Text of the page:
Best Sellers

Thursday, January 29, 2015

Remaining Edgar Nominees

As promised, I am going to give you the nominees for Best First Novel and the Mary Higgins Clark Award. I just have time and space to give a really brief sentence on plot so you can decide if you want to investigate further.

Best First Novel Nominees:

Dry Bones in the Valley by Tom Bouman. Kind of rough and noir. A loner detective in rural PA would rather be hunting or fishing but instead - he has to investigate a murder. Change is coming with drugs and oil drilling.

Invisible City by Julia Dahl. This work appears to be the first in a series. It takes place inside the Hasidic Jewish community in New York. A woman's body is found in a dump yard. Investigating this for the newspaper is a young female whose Hasidic mother abandoned her with her Christian father in Florida.

The Life We Bury by Allen Eskens. Many things going on in this one however, reviewers all loved it. A 21 year old college student is writing a biographical piece on an elderly individual for a writing class. The person he chooses is a Vietnam vet/convicted rapist and murderer who is dying of pancreatic cancer. He becomes a sleuth while trying to take care of an autistic brother.

Bad Country by C. B. McKenzie. One reviewer called it 'desert noir'. A former rodeo cowboy turned private investigator has a body turn up in his backyard. Deep and twisty and dark.

Shovel Ready by Adam Sternbergh. A genre blending rough and quirky ride. An NYC garbageman becomes a paid assassin after a dirty bomb goes off in NYC. He is faced with a moral dilemma when an Evangelist wants his daughter killed because of secrets.

Murder at the Brightwell by Ashley Weaver. Perhaps the start of another series in Britain during the 1930's. Amory Ames has been married for 5 years to a playboy. Her ex fiancee asks her to accompany him on vacation to attempt to stop his sister from marrying a playboy. That playboy is murdered and her ex-fiancee is a suspect. Ames must investigate.

The Mary Higgins Clark Award - for books written in her genre

A Dark and Twisted Tide by Sharon Bolton. This is the 4th in the Lacey Flint series. Lacey changed from being a Detective to being in the Marine Police thinking it would be a quieter job. Unfortunately, someone is leaving her presents and one of them is a dead body.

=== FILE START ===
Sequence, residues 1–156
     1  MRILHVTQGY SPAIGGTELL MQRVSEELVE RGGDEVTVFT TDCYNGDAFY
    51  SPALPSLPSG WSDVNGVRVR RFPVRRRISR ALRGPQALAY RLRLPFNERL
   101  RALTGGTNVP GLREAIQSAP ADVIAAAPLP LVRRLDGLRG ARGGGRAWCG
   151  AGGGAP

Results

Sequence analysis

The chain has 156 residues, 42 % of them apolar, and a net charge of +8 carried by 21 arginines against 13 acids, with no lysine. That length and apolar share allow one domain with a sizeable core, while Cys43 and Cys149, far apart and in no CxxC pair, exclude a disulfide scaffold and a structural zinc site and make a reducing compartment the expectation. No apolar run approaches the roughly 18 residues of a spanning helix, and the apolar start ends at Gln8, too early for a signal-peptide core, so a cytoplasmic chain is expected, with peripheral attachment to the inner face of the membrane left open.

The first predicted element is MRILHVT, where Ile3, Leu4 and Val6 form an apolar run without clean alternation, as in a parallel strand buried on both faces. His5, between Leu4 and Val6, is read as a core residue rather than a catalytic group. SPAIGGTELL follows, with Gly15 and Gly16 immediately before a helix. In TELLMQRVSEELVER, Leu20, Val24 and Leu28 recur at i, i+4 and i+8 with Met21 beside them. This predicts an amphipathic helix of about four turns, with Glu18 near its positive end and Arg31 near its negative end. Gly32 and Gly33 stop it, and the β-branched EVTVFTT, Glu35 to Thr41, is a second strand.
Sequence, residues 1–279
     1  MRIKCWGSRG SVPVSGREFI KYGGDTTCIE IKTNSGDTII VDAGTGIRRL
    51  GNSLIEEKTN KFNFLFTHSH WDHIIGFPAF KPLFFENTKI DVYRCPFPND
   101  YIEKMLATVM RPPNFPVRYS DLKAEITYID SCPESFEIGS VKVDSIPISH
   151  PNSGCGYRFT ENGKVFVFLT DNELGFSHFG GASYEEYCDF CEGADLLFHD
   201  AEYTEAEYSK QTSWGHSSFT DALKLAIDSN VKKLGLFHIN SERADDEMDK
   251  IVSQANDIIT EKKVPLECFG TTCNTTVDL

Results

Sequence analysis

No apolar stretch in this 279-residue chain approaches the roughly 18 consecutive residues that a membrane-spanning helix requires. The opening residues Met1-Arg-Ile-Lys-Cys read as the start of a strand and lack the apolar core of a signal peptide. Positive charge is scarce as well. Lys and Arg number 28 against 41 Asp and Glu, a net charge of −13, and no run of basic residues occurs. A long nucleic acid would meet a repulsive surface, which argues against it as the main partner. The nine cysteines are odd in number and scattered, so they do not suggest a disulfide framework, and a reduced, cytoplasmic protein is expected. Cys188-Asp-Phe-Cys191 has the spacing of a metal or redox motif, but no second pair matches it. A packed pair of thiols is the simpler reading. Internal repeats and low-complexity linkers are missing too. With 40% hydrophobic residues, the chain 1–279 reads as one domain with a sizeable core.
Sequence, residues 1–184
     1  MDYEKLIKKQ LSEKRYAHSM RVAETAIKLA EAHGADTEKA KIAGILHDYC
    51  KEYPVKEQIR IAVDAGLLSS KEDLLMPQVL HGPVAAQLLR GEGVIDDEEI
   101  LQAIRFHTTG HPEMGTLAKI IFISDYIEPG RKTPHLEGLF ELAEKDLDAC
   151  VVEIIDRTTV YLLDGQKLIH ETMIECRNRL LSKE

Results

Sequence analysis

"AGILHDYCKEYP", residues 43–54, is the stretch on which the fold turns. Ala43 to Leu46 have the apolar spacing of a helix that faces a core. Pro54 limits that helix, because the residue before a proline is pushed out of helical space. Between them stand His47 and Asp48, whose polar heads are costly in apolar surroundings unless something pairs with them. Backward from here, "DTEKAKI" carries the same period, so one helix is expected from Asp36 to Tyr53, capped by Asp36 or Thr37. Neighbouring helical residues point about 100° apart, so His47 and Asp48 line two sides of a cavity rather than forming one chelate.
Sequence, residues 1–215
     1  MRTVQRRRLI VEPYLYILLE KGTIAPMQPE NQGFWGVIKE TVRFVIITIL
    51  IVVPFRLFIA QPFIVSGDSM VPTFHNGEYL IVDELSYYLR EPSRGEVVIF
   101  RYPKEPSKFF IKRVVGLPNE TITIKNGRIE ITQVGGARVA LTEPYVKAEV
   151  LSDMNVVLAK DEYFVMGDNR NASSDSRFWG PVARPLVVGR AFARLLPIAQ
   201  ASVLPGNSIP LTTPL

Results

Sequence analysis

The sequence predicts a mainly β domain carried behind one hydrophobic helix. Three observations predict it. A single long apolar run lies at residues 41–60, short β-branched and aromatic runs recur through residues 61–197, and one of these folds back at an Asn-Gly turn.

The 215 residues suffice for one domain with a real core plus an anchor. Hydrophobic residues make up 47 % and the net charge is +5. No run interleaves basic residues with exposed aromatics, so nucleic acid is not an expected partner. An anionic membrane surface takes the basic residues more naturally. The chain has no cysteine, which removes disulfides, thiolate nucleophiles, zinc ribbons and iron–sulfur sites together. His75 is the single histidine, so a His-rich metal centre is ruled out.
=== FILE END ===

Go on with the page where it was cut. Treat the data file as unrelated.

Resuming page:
The Stranger You Know by Jane Casey. This is the 4th in the Maeve Kerrigan series. Maeve is a 28 year old London Detective Constable. In the series, you see her trying to survive in a male-dominated police department. In this title, Maeve is asked to investigate what appears to be some serial murders. The clues start to point to her partner, DCI Josh Derwent who is sexist and disagreeable. Maeve thinks he is obnoxious but can't believe he is a murderer.

Invisible City by Julia Dahl. Described above as a Best First Novel nominee.

Summer of the Dead by Julia Keller. This is the 3rd in the Bell Elkins series. This series has a very strong sense of place and the place is the rundown community of Acker's Gap, West Virginia. Bell is struggling with her sister's return after 30 years in prison for killing their abusive father and then an elderly man is murdered in his driveway. I have read this one and it made me go back and read the first 2 but then, the Appalachian area has always interested me.

The Black Hour by Lori Rader-Day. Amelia Enmet is a sociology professor had been shot by one of her students for some unknown reason and then, he killed himself. Now, a year has passed and she is back to work. Psychologically she is having trouble dealing with stares and whispers. Then, Nath Barber, her Teaching Assistant tells her he wants to do his dissertation on her attack. Together, they try to understand the dark and challenging past.

There you go. The two groups of nominees. There are some good stories here and all are at the library.

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